Homeless 0-39: Homesteading

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I’m supposing our search for new digs qualifies as a kind of homesteading. The wilderness we’re crossing might be more in our heads than beneath our boots, but we’re still wandering through unknown territory, imagining a home somewhere out there.

I wonder how my ancestors reacted when after months of the most tedious traveling, they stood on the Western edge of the Blue Mountains to survey the Columbia River snaking even further Westward through bare scablands, with snow-capped peaks standing between them and the fabled Willamette Valley, the so-called Eden at the end of the Oregon Trail. Most of my forebears settled East of those mountains, in the sweet high desert grassland. Hardly anybody’s Eden, but theirs.

Homesteading requires that dream, the aspiration for different and the unshakable delusion that it will be inescapably better. Why else move? It also seems to demand acceptance, to acknowledge when enough has achieved enough, and to recalibrate Utopian expectations into utilitarian ones.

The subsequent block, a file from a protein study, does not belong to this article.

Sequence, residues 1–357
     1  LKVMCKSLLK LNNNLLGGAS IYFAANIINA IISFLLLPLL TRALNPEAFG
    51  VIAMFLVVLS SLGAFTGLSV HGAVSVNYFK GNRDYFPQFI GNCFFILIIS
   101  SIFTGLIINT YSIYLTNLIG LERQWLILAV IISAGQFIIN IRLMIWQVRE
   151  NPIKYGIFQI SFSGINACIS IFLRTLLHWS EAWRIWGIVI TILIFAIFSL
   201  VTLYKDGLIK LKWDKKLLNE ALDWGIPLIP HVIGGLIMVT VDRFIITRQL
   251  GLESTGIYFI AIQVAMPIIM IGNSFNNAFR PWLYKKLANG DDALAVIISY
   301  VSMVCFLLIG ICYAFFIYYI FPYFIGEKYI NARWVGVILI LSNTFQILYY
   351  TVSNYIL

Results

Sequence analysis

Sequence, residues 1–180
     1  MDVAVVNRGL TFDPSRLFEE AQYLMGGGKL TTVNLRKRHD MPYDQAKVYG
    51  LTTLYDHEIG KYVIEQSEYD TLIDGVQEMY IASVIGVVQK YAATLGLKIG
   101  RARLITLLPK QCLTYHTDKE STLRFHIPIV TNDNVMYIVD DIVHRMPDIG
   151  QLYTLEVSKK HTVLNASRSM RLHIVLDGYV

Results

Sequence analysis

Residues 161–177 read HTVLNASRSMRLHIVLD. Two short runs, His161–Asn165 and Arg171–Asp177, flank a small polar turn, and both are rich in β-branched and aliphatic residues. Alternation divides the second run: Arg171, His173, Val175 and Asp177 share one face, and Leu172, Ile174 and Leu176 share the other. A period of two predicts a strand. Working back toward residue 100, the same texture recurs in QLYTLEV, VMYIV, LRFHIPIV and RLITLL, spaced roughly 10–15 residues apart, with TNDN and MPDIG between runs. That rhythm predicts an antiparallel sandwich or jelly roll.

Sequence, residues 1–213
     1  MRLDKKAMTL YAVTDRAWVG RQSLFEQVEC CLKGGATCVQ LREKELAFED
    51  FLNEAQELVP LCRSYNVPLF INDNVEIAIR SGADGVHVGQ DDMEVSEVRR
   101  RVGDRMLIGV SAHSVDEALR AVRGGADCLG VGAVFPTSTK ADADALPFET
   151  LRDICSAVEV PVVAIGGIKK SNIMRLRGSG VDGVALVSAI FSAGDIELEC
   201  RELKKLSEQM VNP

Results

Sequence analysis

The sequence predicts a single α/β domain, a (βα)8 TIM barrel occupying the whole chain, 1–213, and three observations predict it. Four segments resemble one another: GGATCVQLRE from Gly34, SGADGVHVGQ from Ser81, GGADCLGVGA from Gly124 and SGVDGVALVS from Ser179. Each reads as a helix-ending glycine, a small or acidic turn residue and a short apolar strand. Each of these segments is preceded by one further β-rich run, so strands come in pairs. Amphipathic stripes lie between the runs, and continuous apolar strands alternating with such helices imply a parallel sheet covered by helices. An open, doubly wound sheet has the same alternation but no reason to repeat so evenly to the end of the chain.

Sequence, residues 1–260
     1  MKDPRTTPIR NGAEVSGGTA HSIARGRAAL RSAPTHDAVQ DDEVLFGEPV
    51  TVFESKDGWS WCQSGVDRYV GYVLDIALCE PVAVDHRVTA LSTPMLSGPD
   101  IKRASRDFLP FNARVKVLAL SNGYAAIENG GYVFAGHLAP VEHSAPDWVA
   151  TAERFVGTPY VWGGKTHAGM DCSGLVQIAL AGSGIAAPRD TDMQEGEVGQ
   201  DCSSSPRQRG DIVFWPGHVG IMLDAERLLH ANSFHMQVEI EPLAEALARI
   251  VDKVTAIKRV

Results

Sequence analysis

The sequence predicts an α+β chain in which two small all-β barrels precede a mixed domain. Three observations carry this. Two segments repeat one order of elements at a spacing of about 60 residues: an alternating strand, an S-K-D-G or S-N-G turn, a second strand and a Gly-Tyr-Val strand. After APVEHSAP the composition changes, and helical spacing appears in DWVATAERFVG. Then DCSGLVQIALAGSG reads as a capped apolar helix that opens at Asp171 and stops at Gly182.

We won’t be moving West this time. We’ll continue the exile, understanding exactly why, and settle for something that might well position us to slide to the far side of that last wall of mountains next time. We’ll be homeless again soon enough. A one year’s lease will qualify as home enough while we muster resources to homestead more permanent-like.

The adventure might as well get touted up as worth it when the books get balanced and the auditors remove their green eye shades and sleeve garters. In the wild west my ancestors settled, almost nobody managed to retain their homestead beyond the first generation. Most of the land was unsuited for sustainably supporting even a tough pioneer family. They settled anyway, improved the place, then moved on with the next drought or grasshopper pestilence. They did more homesteading than settling in.

Us, too.

©2012 by David A. Schmaltz - all rights reserved


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